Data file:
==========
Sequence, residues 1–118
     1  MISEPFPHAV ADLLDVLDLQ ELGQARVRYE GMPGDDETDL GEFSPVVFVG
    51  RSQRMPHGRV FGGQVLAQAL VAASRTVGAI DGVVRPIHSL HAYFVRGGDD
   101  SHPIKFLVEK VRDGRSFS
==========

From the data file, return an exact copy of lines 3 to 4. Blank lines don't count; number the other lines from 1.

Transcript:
    51  RSQRMPHGRV FGGQVLAQAL VAASRTVGAI DGVVRPIHSL HAYFVRGGDD
   101  SHPIKFLVEK VRDGRSFS